James Metzger, MD of Metzger Search & Selection, shares insights into why smaller companies, whether start-ups or SMEs, should appoint a non-executive director to help them grow
One of the most difficult decisions that corporate leaders can make is whether to bring a top level advisory director into the fold. This is not the just a practice of the large corporate entity, and nor should it be. Start-ups and SMEs can benefit greatly from having an injection of fresh expertise on board and here’s why:
- It can get lonely at the top
For young companies, and their CEOs, all their energies are spent trying to make their mark in the marketplace, sorting through a myriad of strategic decisions, paying salaries, making profits, sorting out pension schemes, attracting new clients. However, it doesn’t all have to be a struggle. The burden of making key decisions to enable your company’s growth and prosperity, and not just its present survival, can be shared with a key, experienced advisor in the form of a non-executive director. They can be available at the end of the phone line, or in regular scheduled meetings when counsel is needed. They provide expert advice and experience that many new, maturing companies don’t necessarily have in their own teams. When there are so many aspects to consider and possible directions to go as the company develops, it’s good to have someone in the team who is just removed enough to see the wood for the trees.
- Been there, done that
There’s nothing quite like experience to give that valuable perspective in times of change and growth in a company. An experienced non-executive director will have travelled those roads before during their own careers. They can readily identify hidden pitfalls in the current climate, areas of weakness in a business, assets or potential. More than likely, their leadership insights with people management and financial acumen will be superior, purely because they’ve been doing it longer in the same kind of arena. They will be able to suggest and tactically advise on the brutally honest (and sometimes painful) courses of action required to help make your company a success.
- It doesn’t have to be expensive
For smaller companies, hiring a permanent top-level advisor is a significant investment to make. However, it’s not impossible to find a director or senior manager who is prepared to work part time, a few days per month; this is where engaging a professional recruiter can be useful as they’ll execute a detailed search to widen your options according to your criteria. Your company can still receive the same quality of expertise, with a financial outlay appropriate to your resources. You will receive seasoned CEO level advice, but not at CEO salaries.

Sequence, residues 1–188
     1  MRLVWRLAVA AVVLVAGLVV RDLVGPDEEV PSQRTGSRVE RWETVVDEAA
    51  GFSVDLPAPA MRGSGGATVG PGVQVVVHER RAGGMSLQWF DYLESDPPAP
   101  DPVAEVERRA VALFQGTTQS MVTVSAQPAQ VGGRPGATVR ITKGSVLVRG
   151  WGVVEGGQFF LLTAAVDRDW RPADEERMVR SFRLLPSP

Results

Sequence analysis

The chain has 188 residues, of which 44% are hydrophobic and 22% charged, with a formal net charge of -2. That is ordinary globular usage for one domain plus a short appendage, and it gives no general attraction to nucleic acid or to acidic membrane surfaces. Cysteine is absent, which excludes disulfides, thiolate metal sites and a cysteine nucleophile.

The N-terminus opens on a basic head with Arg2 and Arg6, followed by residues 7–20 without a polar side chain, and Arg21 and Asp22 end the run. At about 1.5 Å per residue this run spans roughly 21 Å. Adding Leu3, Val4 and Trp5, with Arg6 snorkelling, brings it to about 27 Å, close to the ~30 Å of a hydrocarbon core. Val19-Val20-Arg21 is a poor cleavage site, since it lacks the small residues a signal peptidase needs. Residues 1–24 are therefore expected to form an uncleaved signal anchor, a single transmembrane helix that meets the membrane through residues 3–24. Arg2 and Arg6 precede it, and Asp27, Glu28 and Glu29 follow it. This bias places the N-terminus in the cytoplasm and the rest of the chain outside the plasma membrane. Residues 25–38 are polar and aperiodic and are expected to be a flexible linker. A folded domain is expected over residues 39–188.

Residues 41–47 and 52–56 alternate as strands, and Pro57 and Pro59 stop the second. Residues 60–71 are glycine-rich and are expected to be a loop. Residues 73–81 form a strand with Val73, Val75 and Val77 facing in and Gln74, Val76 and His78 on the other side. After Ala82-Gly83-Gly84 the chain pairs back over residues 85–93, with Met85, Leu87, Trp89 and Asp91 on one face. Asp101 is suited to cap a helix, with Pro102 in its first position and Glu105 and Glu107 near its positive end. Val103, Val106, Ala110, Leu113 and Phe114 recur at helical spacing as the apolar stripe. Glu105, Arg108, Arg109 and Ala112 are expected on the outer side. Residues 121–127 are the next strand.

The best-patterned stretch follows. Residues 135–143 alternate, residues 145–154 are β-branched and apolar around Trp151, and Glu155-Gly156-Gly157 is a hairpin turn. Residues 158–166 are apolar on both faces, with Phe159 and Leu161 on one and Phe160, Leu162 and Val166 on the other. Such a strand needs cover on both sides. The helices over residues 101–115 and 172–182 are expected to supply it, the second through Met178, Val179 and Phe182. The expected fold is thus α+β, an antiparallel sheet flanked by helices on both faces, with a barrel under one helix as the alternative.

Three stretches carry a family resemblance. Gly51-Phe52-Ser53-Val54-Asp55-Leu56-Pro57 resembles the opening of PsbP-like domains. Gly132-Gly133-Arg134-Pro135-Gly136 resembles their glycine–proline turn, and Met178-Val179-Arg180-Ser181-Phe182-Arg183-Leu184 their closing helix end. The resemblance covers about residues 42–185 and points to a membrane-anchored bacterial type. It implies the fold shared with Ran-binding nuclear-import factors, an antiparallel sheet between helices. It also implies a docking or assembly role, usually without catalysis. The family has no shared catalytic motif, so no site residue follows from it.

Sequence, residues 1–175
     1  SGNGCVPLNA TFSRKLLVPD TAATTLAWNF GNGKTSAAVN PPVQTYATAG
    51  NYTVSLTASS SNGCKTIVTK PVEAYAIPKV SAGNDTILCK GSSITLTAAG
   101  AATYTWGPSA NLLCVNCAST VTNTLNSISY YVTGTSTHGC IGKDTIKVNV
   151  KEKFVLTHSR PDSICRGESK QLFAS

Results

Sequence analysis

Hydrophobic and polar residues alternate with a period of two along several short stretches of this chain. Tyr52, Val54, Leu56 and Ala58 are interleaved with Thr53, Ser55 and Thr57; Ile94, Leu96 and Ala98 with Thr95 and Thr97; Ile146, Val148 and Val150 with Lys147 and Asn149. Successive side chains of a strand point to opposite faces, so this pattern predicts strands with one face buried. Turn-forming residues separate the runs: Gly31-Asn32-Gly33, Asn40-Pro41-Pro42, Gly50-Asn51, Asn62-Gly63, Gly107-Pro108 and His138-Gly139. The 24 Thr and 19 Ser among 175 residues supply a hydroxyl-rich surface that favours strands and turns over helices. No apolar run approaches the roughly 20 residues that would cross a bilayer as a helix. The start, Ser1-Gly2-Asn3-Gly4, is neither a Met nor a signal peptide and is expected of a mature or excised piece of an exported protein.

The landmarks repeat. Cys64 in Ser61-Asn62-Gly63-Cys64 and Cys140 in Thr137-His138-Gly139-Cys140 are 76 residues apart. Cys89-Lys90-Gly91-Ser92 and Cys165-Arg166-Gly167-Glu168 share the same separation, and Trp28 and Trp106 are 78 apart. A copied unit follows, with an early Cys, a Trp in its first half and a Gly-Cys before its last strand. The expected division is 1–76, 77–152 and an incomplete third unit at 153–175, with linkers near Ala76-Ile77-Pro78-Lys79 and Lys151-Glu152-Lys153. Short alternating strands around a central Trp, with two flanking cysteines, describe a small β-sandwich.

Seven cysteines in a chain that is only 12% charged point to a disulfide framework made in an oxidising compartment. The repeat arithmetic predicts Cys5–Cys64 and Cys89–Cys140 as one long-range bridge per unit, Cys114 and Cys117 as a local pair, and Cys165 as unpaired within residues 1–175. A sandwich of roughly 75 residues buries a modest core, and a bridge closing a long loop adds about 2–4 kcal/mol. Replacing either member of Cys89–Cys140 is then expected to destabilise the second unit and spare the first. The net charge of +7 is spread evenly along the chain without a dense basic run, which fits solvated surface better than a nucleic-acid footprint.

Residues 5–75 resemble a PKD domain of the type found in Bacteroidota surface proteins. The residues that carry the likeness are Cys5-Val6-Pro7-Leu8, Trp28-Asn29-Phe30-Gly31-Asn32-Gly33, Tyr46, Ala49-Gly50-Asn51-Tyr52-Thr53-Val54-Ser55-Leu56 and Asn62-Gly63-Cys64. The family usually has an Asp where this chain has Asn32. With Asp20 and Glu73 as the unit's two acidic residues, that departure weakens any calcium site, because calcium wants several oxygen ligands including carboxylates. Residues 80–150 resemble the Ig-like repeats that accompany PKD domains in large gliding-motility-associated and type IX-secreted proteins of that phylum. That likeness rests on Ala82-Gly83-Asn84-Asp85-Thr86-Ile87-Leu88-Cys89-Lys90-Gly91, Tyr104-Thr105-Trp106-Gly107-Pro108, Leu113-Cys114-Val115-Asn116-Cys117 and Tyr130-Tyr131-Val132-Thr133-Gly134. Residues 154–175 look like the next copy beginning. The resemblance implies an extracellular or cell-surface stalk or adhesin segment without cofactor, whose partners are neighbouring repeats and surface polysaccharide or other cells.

For some directors being a senior advisor to another company is an appealing and refreshing prospect; they can share their experience without the commitment of being a staff member and are removed from the internal company politics. They might be attracted by being an ‘external’ coach or mentor for younger staff members, which is a bonus, especially for unseasoned, smaller companies who would benefit most from this contribution. It is also an opportunity for an experienced director to give something back to industry and promising fledgling companies.
- Find the right partner and the relationship succeeds
There’s got to be good chemistry between the new non-executive director and the team. Picking someone that fits with the company culture and people, or is open enough to understand and embrace them, makes a significant difference in the success rate of the partnership. It’s not just about what strategic advice your non-executive director gives, but how it is likely to be received by CEOs and the team. It’s easier to accept honest and tough critique from someone who understands what goals you are trying to achieve. It also increases your chances of getting there.
- Expanding your network
An experienced senior advisor, with a long and varied career, may offer the added benefit of a healthy network of contacts. While helping your company, they may tap into their own resources; other leaders in the industry, potential new business partners, investors, and maybe even new team members to join the organisation.
- A leap of faith at the crossroads
For those smaller companies that are at the crossroads of a major leap in growth and development, having a non-executive director on board to steer through that change is a valuable investment. Companies facing a growth spurt like this need objective, informed guidance at senior level. This becomes important if they want to adhere to their fundamental ethos, whether that means being customer led, without detracting from high quality of service delivery, or sales focused. Someone else who had been through it before would know how to maximise the positives on the road ahead and be resilient through the negatives. They can provide clear, strategic thinking on the tough decisions that have be made, to prepare the company to perform at a different level, from recruitment to restructuring.